The remaining ports are located on the back of the chassis: six USB-A connectors, three DisplayPort 1.4a ports, and an HDMI 2.1 port for connecting any available displays. But none are labeled. The bottom two ports, according to Acer, are rated at 5 Gbps, while the remaining ports provide 480 Mbits of legacy throughput. Three more audio jacks are located here as well.

Expansion and configurability

You most likely won’t be able to replace the motherboard with an upgraded one because, according to Acer, both the motherboard and the case are bespoke. In one place, it almost seems as though a portion of the motherboard vanishes into the case.

Acer offers the option to replace the metallic side panel with a tempered glass panel that complies with electromagnetic interference. This is simple and convenient thanks to Acer; the side panel is attached with two screws that can be removed with a screwdriver to allow the panel to be slid out. Padding has been added to the border of the replacement tempered glass to reduce vibration and keep airflow within. It is simple to attach by simply aligning and tightening the screw holes. Although a flat-head screwdriver can be used to screw them in, hand tightening seems to be just as effective.

But I don’t think there’s a lot of room for growth. There are two vacant DRAM slots, which together may hold up to 64GB of RAM. There are also two 3.5-inch drive bays available. However, the stock SSD occupies the first M.2 slot, and you will need to remove the Wi-Fi card to access the second one, which is located beneath the graphics card. There doesn’t seem to be enough place in the Predator Orion 3000’s case for more fans either.

The input fan is housed in a portion of the chassis that protrudes forward. Even though Acer claims that it may be accessed by unscrewing a few screws and removing the side panel, that portion of the chassis doesn’t seem to be user-accessible. Although it seems like it might be removed using several plastic pegs, I was unable to move it.

A screw on the outside of the chassis that holds the mounting bracket that comes with the Predator Orion 3000 can be removed to reveal the graphics card. Two more screws internally secure the card’s bracket, and accessing these is made more difficult than is probably necessary by the cable runs. After that, the graphics card can be removed from the bracket. You’ll need a card that is long enough to fit the mounting bracket on the Predator—roughly 10.5 inches—because there isn’t much wiggle room in it. Initially, I attempted to remove the card by unscrewing it from the internal bracket with an offset ratcheting screwdriver, but I eventually gave up.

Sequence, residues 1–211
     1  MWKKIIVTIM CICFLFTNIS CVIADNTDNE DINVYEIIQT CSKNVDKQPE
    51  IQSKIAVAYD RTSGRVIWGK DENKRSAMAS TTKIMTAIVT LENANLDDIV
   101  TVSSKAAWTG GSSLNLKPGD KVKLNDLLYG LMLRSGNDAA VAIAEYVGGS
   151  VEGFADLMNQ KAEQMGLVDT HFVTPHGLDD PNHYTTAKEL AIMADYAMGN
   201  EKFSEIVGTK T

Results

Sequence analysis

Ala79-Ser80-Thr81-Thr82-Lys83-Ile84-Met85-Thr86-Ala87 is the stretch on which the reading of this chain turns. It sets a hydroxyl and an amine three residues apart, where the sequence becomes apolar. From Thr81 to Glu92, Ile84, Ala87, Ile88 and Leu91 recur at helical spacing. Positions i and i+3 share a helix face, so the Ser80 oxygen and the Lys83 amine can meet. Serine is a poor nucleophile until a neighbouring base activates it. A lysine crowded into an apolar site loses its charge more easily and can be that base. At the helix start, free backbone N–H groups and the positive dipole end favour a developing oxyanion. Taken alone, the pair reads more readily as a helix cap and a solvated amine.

We don’t currently have any pre-built desktops to contrast Acer’s Predator Orion 3000 with as it makes a comeback into the realm of prebuilt gaming desktops. For the time being, we’ll contrast it with several gaming notebooks; while not perfect, you’ll also be able to see how this desktop stacks up against the less potent but portable variants of the system.

Still, some of the same standards hold. I used PCMark 10, a useful all-around benchmark that evaluates performance in a variety of activities, including online surfing, CAD work, and light gaming, along with Cinebench, which evaluates CPU performance relative to other apps, to test the Acer Predator Orion 3000 (P03-650-UR17). As a general measure of 3D performance, we have continued to use 3DMark’s Time Spy benchmarks for 3D graphics.

Except for the MSI Raider, which ought to be at or close to the pinnacle of 14th-generation mobile gaming technology, the 13th-generation Acer Predator Orion, with a little slower GPU, seems to outperform everything else overall. PCMark was one exception, finishing at the top of the list.

However, that concludes the CPU-centric benchmarks. We now turn our attention to the 3DMark Time Spy benchmark because this is a gaming PC.

The outcomes were in line with expectations: At the top are the laptops equipped with the more advanced RTX 4000-series GPUs. However, the performance of the Acer Predator Orion 3000 is enhanced with the desktop-class RTX 4070.

Should you buy the Acer Predator Orion 3000?

It seems acceptable to charge $1700 for a 13th-generation Core i7 and an RTX 4070, but you might want to pay an extra $55 or so to add 16GB (2x8GB) of DDR5 DRAM to the available RAM slots. In practice, the stock 16GB of memory should work just fine in the great majority of games; it’s the only actual (semi-)shortcoming that needs to be addressed.

Other than that, the Acer Predator Orion 3000 is a good, small desktop with some useful features like the side panel, mouse, and keyboard. However, wire management may be improved. The Acer Predator Orion 3000 is a terrific deal for 1080p and 1440 gaming because of all of those factors together.